Cannabis arrests are plunging, but they still happen in Oklahoma and elsewhere
The nationwide march toward cannabis legalization is driving down the number of people in the United States arrested for marijuana crimes. Pot-related arrests had been climbing in the years just prior to 2019 but lowered to about 545,000 cases that year, according to an analysis of newly compiled FBI statistics by the news site Reason.
The vast majority of arrests in 2019 were for possession of marijuana rather than the sale or manufacture of it. Although cannabis is still largely illegal in Texas, marijuana arrests there dropped by a stunning 50,000 last year over the previous year. That’s being attributed to newly loosened rules on hemp. Texas law enforcers are less inclined now to pay for costly lab tests required to distinguish hemp from criminally controlled substances.
Marijuana arrests around the nation have plummeted some 37 percent since 2007. California was the first state to begin taking steps toward cannabis legalization in 1996.
Although cannabis cases are dropping, hundreds of thousands of people in America are still being arrested each year despite three-dozen states now having some form of legalization. Not only that, the federal Drug Enforcement Administration seized more marijuana plants in 2019 than the previous year.
Here are some recent incidents from Oklahoma and elsewhere that illustrate the continuing dangers with being a cannabis user or entrepreneur in the United States whether it’s legalized in your state or not:
Osage County law enforcers in 2019 thought they had stumbled across the drug seizure of a lifetime when they pulled over a semi truck stuffed with 18,000 pounds (nine tons) of cannabis. In fact, the driver showed a manifest listing the material as non-intoxicating hemp that he was federally permitted to transport from Kentucky to Colorado. Authorities persisted even after tests showed only marginal amounts of THC. Four men were arrested and dragged through weeks of confusion before finally being let go. One confidential law enforcement source told the local media there was still opposition to marijuana in the area and that not every agency would have pursued the case so aggressively.
An Oklahoma City man last August was sentenced to 15 years in federal prison for conspiring to distribute marijuana and engage in money laundering. Federal prosecutors had alleged that Tommy Nammixay illegally imported cannabis from Colorado Springs to Oklahoma City and distributed it across the state. Authorities seized 100 pounds of cannabis, $100,000 in cash, some four-dozen firearms, and a house.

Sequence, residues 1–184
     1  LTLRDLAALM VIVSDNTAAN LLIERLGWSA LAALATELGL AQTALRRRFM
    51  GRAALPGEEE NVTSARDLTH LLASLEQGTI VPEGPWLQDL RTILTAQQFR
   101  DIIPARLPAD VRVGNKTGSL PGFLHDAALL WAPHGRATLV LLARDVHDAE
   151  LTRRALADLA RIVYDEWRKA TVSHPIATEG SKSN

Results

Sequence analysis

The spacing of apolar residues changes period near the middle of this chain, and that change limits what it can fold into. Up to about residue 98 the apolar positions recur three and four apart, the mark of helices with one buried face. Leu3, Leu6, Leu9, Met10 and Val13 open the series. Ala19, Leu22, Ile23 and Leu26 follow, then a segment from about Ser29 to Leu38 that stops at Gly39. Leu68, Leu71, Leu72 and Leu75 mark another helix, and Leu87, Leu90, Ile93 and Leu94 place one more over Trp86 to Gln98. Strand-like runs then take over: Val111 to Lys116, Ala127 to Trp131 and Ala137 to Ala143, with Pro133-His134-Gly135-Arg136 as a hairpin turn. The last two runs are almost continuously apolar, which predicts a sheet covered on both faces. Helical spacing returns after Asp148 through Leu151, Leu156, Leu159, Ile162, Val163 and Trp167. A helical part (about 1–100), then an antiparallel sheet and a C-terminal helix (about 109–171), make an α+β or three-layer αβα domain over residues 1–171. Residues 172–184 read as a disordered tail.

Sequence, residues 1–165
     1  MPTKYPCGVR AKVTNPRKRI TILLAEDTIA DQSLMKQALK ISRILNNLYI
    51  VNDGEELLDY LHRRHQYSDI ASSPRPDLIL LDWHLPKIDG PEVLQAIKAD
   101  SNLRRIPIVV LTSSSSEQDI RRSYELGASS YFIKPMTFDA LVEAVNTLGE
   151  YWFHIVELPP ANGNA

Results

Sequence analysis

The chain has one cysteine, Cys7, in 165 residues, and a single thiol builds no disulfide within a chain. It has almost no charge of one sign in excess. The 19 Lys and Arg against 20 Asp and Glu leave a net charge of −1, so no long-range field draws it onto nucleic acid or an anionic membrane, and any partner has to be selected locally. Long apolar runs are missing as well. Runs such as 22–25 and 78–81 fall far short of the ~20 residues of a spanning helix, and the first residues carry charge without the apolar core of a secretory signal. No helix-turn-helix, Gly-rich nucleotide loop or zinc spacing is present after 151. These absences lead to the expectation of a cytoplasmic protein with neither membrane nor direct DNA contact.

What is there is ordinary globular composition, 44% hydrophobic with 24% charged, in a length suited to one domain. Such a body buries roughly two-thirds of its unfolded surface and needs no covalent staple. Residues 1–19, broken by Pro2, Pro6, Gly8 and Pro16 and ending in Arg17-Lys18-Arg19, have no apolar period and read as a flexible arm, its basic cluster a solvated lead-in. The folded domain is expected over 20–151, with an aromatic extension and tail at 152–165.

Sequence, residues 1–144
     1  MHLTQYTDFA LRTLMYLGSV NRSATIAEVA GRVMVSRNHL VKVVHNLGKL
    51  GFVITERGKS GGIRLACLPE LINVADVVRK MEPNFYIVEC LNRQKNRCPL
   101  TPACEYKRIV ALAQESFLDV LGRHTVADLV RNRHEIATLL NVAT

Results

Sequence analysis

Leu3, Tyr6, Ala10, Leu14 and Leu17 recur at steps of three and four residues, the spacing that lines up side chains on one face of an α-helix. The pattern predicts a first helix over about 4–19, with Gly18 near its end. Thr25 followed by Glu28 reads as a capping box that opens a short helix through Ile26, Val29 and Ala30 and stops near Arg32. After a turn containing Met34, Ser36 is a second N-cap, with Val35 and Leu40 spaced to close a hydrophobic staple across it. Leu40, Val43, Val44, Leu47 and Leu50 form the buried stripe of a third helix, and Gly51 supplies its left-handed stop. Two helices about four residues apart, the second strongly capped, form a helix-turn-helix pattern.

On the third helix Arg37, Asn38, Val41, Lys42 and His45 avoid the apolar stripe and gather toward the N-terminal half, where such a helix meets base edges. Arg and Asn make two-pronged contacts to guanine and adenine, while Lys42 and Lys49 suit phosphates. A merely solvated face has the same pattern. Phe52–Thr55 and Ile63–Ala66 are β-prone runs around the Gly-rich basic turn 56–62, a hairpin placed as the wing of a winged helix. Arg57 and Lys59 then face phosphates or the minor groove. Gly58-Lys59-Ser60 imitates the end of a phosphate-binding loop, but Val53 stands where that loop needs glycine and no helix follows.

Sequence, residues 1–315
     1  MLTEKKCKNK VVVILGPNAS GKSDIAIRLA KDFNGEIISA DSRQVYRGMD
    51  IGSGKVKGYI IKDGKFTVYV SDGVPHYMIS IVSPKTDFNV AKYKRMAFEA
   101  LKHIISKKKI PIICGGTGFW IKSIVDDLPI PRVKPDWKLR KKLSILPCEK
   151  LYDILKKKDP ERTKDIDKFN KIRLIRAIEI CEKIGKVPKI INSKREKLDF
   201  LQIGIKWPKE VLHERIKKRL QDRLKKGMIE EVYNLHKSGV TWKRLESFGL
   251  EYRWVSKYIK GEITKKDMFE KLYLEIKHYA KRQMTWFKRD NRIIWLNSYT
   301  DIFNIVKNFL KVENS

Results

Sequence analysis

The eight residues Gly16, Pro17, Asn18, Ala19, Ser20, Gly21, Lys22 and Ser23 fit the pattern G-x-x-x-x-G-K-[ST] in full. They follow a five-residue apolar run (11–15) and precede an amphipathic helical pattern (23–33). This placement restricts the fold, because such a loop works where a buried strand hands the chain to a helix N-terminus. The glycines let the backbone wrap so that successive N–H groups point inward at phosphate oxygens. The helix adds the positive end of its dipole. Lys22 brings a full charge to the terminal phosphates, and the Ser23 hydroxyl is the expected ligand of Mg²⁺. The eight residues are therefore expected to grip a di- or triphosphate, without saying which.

Also in Oklahoma City last May, police say they uncovered two illegal grow operations that were hidden among legitimate lawn-care businesses. Operating on a tip, investigators say they found 600 plants, cannabis edibles, and packaged cannabis. A man questioned by police reportedly had a cultivation license at one time but it was expired. Investigators planned to review security footage to see who was purchasing cannabis from the operations.
Tulsa sheriff’s deputies charged a man in September with drug possession after pulling him over on Highway 75. They discovered 80 pounds of cannabis trimmings and leaves that the man said he had found in a dumpster. The deputies arrested him anyway.
Police in Panama City, Florida, seized 28 pounds of marijuana in January along with $13,000 in cash and five guns. In media interviews, the local police chief framed the cannabis as an inherent danger to public safety. “We want to make this the safest city for you to live, work, and play in.” Five people were charged with drug crimes, two of them for possession of less than 20 grams. Florida voters began legalizing cannabis in 2016.
Law enforcers in Norwalk, Connecticut, arrested two men in January and seized $2,000 after alleging that the pair had tried to ship two pounds of marijuana hidden inside of a karaoke machine. Also in Connecticut last November, local police seized almost 100 plants and charged at least one man with drug possession stemming from a “marijuana eradication operation” in several areas of the eastern part of the state. Connecticut voters began legalizing cannabis in 2012.
A Missouri man in late 2019 who was fully authorized to possess medical marijuana was nonetheless arrested by the state highway patrol after he was found with several ounces of cannabis. He was charged with a drug felony. Another Missouri man was in the final stages of pancreatic cancer when police searched his hospital room in 2019. He’d been ingesting THC pills for pain. But someone told police the man’s hospital room smelled like marijuana. Video of the officers searching his hospital room went viral. No marijuana was ever found. The man died five months later.
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